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Zimbabwe has enough cash, says Gono

by Business Reporter
08 Aug 2013 at 06:05hrs | Views
LOCAL banks have enough cash to support the transacting public despite shortages experienced this week, Reserve Bank of Zimbabwe Governor Dr Gideon Gono said yesterday.

Addressing the business community in Bulawayo, he said cash shortages experienced after the announcement of election results were due to panic withdrawals by people who feared the immediate return of the Zimbabwean dollar after Zanu-PF's victory.

"Access to loans is a function of deposits in a bank and if you are taking away deposits from the bank it means the bank will have nothing. This is what has happened in the banking sector in the past few days, given the extent people have withdrawn their deposits panicking that their money will be locked in banks as the new Government will revert to the local currency," he said.

Dr Gono said the central bank had managed to contain the cash crisis.

According to the 2013 mid-term national budget recently presented by the outgoing Finance Minister Tendai Biti, banking sector deposits grew from $703 million in 2009 to $4.43 billion as at 31 May 2013.

Dr Gono said the present liquidity in the economy could be improved among other things through increasing exports, foreign direct investment, and securing dividends from local companies' investments outside the country.

He reiterated that the return of the Zimbabwe dollar was not imminent as the economy was still not able to sustain itself.

"Let me begin with the rumoured imminent return of the Zimbabwe dollar. Certainly, no country can be happy to use other people's currency forever. When we introduced the multi-currency system, we never said it would be our desired end for ever.

"We are fully aware that before the return of the local currency, the economy should have taken a sustained path of growth and I am not seeing this in the next three or four years," he said.

Dr Gono said four years after adopting a multi-currency system, Zimbabwe was still to achieve a desired economic growth trajectory that would allow the country to revert to the local currency.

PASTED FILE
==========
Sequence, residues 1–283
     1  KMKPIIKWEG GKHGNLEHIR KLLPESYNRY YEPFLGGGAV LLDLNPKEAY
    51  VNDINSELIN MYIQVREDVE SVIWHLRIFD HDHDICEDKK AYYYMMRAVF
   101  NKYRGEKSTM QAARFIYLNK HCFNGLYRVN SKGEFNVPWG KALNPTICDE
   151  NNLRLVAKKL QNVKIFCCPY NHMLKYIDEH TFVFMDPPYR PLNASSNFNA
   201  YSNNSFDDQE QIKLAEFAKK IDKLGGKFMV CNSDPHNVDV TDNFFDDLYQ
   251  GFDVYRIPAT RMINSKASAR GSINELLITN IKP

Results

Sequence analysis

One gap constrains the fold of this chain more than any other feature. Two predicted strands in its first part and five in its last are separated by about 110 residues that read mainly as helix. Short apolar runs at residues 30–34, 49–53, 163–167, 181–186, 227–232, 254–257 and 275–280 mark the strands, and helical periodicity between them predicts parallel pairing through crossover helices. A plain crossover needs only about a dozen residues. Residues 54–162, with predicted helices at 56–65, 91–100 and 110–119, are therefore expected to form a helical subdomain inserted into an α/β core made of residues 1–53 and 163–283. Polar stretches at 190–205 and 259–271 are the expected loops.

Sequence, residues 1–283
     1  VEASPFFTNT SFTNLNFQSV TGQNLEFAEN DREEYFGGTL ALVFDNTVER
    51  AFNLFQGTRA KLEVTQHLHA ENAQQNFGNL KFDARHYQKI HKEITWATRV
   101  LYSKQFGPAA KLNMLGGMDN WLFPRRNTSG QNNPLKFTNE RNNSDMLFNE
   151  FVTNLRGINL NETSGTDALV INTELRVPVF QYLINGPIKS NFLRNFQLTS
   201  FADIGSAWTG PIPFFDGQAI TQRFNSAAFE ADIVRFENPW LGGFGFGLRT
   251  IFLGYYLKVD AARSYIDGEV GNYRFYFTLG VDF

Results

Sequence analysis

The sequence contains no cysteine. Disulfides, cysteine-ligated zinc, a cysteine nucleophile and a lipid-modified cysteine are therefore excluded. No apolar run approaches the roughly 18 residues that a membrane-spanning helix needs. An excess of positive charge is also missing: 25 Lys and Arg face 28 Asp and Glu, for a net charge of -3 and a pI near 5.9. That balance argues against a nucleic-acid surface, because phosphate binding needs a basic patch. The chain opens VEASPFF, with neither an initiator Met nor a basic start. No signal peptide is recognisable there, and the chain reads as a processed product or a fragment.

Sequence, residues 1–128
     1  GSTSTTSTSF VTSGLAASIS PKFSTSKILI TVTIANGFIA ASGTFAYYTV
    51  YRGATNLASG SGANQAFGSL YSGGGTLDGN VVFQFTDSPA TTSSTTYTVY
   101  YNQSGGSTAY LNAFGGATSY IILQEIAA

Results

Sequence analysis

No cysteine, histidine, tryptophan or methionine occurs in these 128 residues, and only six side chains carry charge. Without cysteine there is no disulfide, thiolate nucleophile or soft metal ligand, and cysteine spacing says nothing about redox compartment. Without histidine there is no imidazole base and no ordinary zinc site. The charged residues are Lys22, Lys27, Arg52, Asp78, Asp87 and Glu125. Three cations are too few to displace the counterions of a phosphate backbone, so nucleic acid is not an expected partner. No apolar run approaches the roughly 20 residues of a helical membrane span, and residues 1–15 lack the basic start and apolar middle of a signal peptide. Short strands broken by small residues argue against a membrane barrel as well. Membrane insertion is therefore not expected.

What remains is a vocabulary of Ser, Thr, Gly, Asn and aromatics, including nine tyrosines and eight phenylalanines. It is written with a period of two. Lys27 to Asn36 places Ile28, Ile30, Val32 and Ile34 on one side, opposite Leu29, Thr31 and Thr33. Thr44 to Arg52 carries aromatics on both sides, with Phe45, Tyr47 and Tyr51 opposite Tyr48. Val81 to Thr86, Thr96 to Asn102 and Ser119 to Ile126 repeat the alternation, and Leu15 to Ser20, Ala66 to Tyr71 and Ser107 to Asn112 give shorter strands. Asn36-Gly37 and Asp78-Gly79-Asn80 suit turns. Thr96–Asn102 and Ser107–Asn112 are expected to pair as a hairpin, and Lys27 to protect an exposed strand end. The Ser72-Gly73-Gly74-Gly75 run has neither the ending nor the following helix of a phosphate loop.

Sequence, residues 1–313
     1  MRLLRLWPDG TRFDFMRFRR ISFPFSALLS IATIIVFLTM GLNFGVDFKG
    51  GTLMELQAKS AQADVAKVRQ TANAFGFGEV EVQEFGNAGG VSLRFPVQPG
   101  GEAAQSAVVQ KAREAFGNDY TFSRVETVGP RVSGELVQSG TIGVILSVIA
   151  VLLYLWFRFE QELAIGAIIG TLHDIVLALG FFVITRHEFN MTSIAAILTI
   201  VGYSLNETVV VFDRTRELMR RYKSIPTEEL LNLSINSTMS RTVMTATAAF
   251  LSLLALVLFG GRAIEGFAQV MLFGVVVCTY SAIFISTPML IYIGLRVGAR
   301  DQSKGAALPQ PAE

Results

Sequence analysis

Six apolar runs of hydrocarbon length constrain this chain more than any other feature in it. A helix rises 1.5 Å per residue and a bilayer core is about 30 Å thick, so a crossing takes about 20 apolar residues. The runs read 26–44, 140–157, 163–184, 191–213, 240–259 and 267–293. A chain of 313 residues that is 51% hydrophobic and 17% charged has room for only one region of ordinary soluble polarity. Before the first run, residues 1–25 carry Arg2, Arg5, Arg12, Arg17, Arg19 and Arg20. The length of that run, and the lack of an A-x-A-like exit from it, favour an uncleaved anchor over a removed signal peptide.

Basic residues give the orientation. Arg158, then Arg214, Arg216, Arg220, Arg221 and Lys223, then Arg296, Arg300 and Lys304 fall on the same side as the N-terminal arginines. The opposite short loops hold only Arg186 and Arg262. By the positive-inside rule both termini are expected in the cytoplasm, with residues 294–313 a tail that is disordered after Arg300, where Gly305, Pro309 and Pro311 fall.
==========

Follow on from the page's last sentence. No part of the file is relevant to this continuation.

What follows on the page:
"We will need to see a certain sustained growth of our economy of not less than six percent or seven percent. It takes a while to be able to build that. There are also a number of aspects such as increasing capacity utilisation in industries to 80 percent as well as attaining not less than 60 percent employment levels, certainly if we reach that point, we need to introduce our own currency."

He said progressively the country needs to have its own currency adding that President Mugabe is on record saying the country needs to have a gold-backed currency to ensure the past challenges such as hyper-inflation would not be experienced.

"In 2009, the then World Bank president spoke about the need for the world to move away from the US dollar. And when we introduce a gold backed currency, there will be no need to exchange for the US dollar.

"Also when we introduce a gold-backed currency we need to have accumulated sufficient gold to back that and backing will not be by confiscation but by purchase," he said.

Speaking at the same occasion, economic commentator Dr Eric Bloch said the future of Zimbabwe was dependent on an effective Indigenisation and Economic Empowerment programme that Dr Gono earlier said required to be done with due regards to the dictates of economics.

"The future of Zimbabwe is dependent on effective indigenisation. We need international investors to improve our access to international markets, capital and state of the art technology. By year 2020, we will be the fifth strongest economy in Africa," said Dr Bloch.

Source - chronicle